It may be that your ultimate working nightmare would be to have two tough bosses. I mean, one tough boss alone you can handle — just keep that one account squared away and don’t mess up.
Having even a string of bosses is not so big a deal — just juggle one against the other against the third and so on, then keep your head down.
But serving two masters, and two masters alone, who are watching you like hawks, and who often disagree — that’s got to go down as one of life’s major headaches. It’s certainly not the kind of job I would want.
But that’s the kind of job Chief Executive Donald Tsang has. I don’t envy him. He’s soon to commence his second term in the service of a pair of competing masters. One is Hong Kong — meaning the territory’s people, evolving legislature and punchy news media. The other is Master Beijing. [Full Text]
Tom Plate is a professor at the University of California at Los Angeles (UCLA) and founder of the Asia Pacific Media Network. Read also the edited transcript of Financial Times’ interview with Donald Tsang:
… FT: With regards to politics, how can you possibly bridge this divide between what the pro-democracy camp wants and what Beijing is prepared to give?
Donald Tsang: That’s where the challenge is. It’s not an easy job. Any constitutional change is difficult for any nationality and any territory for that matter – and particularly difficult for Hong Kong because we are not a sovereign state. We must achieve universal suffrage as a special administrative region of the People’s Republic of China. That is important. So we have to work within the framework of the Basic Law. Mr Wu Bangguo merely repeated what is in the Basic Law. There’s nothing more to it. Don’t read too much into it.
But if the Democrats are wishing to go beyond what is in the Basic Law then we’ve got a problem. So we need to knuckle down with what we have and achieve universal suffrage at the same time. I’ve got a plan as you know. In the summer this year I will put out a green paper and set out the various mainstream thinkings on this subject and start a public consultation. I’m not talking about interim steps going towards universal suffrage. I’m talking about the ultimate arrangements. I hope that after the consultation I will be able to put up a package that will achieve that and see how the population reacts.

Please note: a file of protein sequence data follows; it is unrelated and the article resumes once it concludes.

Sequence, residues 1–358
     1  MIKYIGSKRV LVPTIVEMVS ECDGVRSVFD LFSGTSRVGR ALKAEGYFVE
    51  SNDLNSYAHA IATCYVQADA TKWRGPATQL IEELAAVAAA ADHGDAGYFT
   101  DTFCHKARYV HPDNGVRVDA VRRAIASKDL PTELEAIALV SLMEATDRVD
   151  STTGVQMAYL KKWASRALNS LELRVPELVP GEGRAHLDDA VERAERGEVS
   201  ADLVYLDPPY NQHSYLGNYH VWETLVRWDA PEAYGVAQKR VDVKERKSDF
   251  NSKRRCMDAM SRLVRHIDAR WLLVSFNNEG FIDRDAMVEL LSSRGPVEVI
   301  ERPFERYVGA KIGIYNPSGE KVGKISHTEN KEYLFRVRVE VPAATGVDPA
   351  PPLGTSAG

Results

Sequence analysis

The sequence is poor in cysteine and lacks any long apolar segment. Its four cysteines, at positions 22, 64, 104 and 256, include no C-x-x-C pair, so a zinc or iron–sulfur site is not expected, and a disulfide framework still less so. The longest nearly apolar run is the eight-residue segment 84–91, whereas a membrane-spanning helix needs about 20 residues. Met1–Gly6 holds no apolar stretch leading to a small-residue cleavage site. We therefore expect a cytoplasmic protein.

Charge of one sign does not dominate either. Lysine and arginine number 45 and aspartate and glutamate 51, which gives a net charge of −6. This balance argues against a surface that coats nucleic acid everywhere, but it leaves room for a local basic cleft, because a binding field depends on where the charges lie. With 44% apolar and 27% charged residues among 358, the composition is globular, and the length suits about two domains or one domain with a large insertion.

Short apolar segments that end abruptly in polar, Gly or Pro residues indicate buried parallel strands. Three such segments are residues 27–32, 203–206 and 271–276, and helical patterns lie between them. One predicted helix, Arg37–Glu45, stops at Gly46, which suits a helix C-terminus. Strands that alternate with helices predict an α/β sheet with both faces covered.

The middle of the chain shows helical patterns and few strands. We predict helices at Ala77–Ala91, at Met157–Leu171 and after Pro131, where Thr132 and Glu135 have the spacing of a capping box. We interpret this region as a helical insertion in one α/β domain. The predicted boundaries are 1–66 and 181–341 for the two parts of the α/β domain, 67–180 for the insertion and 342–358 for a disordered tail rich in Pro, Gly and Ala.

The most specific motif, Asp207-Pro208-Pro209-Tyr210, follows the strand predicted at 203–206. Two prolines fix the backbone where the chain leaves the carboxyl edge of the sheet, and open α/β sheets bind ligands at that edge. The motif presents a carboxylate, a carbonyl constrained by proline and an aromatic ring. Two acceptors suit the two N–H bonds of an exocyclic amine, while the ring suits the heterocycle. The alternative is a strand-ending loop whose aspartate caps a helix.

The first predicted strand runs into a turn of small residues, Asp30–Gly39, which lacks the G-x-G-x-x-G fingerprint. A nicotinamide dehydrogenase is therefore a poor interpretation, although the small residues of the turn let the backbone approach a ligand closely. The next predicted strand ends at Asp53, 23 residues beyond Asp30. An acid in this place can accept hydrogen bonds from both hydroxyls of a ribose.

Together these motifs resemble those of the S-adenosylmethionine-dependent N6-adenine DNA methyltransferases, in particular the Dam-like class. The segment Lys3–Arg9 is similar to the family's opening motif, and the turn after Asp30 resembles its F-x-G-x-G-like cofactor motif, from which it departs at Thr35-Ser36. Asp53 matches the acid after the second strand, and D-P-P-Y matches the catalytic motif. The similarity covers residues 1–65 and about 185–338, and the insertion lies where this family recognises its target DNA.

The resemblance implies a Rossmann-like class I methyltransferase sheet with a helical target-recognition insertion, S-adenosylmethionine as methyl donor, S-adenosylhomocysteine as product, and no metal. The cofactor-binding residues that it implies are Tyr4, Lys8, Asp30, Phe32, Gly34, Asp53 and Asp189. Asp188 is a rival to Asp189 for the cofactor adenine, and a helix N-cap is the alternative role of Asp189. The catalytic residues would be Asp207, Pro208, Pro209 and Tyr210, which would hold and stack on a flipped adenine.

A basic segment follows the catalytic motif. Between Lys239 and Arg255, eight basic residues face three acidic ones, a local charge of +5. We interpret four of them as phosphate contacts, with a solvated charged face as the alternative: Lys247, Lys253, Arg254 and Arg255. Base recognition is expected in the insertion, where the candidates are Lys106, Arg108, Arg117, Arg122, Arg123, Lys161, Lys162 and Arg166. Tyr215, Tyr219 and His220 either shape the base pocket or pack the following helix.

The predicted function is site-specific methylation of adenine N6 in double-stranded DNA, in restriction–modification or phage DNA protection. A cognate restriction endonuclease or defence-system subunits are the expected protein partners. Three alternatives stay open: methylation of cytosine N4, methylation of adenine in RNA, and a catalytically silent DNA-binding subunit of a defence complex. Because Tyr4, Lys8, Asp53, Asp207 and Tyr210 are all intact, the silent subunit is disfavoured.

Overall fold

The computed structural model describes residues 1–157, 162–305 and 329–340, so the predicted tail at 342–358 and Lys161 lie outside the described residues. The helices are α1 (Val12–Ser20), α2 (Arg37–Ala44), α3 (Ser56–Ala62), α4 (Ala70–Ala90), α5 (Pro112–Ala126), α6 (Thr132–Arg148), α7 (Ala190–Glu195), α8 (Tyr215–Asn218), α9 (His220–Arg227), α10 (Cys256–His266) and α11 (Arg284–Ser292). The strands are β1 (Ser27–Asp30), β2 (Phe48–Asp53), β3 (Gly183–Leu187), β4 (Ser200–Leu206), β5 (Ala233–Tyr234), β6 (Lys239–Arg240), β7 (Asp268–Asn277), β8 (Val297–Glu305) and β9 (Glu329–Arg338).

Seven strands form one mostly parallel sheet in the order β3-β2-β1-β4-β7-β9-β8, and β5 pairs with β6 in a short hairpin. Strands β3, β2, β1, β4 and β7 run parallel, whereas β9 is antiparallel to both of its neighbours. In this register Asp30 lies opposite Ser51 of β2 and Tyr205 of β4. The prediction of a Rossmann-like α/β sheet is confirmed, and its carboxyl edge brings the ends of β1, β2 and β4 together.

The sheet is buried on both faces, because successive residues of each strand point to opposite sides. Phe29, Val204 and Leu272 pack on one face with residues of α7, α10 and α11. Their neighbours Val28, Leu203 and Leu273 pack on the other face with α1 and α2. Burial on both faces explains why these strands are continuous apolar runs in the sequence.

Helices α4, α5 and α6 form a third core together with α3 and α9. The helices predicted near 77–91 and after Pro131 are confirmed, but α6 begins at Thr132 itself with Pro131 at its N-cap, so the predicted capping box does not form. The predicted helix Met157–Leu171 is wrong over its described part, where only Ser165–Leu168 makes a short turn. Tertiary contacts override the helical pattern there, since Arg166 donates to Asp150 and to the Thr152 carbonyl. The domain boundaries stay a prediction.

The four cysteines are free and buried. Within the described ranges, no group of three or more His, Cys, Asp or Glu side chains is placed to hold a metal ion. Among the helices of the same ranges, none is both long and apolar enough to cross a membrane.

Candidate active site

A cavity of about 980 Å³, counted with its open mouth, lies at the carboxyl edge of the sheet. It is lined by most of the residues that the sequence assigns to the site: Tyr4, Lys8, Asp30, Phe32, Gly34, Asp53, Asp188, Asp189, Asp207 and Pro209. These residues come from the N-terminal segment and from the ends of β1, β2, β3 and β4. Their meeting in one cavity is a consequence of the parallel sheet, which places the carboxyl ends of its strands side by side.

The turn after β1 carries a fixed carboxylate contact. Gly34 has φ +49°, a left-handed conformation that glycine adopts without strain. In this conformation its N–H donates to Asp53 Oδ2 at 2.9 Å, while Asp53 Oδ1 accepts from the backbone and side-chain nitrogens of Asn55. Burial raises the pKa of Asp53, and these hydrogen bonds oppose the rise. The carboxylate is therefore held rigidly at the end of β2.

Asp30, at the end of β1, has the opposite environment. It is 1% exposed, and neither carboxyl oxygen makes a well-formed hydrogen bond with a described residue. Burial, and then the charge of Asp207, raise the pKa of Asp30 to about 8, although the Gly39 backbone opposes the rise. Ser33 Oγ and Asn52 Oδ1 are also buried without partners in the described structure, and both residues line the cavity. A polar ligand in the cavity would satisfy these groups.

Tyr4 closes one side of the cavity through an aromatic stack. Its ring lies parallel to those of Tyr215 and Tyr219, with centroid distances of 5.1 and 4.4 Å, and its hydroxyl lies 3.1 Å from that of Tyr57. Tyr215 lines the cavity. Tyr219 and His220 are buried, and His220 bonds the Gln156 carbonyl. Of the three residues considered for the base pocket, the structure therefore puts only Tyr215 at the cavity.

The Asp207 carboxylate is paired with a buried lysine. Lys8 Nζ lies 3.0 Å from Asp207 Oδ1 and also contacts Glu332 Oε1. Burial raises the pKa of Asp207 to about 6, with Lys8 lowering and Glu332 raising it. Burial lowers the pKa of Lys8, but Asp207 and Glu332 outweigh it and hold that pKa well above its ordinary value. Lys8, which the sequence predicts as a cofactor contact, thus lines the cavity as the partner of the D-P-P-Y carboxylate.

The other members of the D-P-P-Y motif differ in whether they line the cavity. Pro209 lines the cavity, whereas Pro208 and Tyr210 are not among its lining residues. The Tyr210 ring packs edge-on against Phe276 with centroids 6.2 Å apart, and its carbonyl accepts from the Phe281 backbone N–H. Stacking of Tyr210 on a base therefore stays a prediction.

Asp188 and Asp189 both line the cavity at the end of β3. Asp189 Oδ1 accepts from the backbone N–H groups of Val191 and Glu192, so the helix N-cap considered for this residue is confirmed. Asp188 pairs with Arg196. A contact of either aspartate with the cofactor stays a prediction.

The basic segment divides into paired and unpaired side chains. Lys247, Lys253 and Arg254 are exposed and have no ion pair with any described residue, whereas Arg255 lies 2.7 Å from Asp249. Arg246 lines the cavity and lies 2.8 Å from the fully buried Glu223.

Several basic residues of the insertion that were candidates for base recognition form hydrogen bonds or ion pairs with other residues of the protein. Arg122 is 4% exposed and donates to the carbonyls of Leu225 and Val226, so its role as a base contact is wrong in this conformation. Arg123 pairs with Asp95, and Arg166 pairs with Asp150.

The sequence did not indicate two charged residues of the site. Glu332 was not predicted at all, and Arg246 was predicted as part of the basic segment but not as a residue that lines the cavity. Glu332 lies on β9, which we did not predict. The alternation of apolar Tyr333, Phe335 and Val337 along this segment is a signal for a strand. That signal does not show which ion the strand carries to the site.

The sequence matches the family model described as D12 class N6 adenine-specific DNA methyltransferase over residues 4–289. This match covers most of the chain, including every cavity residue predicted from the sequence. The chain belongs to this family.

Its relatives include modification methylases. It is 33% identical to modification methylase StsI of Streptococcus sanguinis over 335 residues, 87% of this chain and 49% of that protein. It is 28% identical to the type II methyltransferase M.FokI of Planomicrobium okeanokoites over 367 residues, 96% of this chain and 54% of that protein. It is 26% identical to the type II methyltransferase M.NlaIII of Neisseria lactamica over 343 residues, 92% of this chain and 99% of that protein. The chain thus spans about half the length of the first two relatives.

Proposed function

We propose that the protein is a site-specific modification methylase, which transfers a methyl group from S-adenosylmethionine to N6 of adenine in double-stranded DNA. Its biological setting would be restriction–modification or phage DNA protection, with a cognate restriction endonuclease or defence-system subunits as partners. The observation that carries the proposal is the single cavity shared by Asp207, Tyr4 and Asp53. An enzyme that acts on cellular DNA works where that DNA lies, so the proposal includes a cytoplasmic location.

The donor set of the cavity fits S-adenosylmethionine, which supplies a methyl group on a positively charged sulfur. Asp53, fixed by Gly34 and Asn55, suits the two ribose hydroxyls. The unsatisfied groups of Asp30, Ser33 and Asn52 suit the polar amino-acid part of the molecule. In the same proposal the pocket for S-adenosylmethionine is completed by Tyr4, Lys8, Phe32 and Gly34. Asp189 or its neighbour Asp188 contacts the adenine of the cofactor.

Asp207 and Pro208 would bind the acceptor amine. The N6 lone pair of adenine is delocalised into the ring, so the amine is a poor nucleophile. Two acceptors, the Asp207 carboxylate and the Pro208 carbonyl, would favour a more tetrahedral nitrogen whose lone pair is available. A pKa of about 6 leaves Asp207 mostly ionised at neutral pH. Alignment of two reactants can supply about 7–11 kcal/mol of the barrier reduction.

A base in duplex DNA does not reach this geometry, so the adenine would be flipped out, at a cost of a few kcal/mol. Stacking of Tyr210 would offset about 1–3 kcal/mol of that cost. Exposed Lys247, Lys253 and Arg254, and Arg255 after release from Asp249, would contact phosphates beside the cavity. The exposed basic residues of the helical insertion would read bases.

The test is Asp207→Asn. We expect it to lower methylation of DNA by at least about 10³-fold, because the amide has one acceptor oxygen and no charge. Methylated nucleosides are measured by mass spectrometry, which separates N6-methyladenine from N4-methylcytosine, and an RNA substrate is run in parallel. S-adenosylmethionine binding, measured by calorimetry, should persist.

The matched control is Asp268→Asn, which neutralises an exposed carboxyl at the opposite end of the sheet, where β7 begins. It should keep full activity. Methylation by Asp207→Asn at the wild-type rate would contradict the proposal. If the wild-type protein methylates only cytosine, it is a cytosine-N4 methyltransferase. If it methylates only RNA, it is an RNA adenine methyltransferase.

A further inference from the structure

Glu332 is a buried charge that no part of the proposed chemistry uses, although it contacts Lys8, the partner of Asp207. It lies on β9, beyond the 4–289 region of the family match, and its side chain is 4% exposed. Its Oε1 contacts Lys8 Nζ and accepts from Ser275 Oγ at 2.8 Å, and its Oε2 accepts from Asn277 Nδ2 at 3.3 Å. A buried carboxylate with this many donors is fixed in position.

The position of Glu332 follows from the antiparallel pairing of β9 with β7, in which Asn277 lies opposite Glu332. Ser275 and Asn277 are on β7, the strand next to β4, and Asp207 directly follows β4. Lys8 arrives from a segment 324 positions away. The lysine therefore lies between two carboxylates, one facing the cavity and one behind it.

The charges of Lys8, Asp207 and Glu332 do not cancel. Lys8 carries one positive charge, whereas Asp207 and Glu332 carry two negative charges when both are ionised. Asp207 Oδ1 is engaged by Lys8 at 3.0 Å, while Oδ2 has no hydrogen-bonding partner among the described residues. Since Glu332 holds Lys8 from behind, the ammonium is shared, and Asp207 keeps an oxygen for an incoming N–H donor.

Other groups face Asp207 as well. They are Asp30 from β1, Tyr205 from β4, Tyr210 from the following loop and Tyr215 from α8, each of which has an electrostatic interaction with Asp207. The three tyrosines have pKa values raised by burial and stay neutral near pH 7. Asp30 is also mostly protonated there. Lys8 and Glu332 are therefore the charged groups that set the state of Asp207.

I’ve been working on it for two years now since this debacle of the last debate on this subject in 2005. I gained experience and the opposition also gained the bitter experience of spurning not a bad interim package. So everyone needs to be careful. You need to accommodate. You cannot just be strident and obstructive. You have to compromise in any political negotiation – within Hong Kong first… It’s not too difficult to gain the public support for a package. There are nearly half a dozen packages in town each of which can gain about 60, 65 per cent support from the population. What is tricky is how are you able to get two-thirds majority in the legislature. Now I nearly got there in 2005. I was two to three votes less. But what the Democrats need to think about is not that they have got a proposal but they need to come up with a proposal that will get 40 votes in Legco. There’s no point telling me they have got a package and 22 votes. I got one and we had 37 [votes] last time and we could still not get through. That’s the challenge…
At the end of the consultation I have to stick my neck out and suggest to Hong Kong people having the consultation, having heard you, I believe this is what we want from the central government… Legco will debate on it and I hope this package will get me the 40 votes. [Full Text]
See also Is Beijing in Donald Tsang’s Future? by Philip Bowring.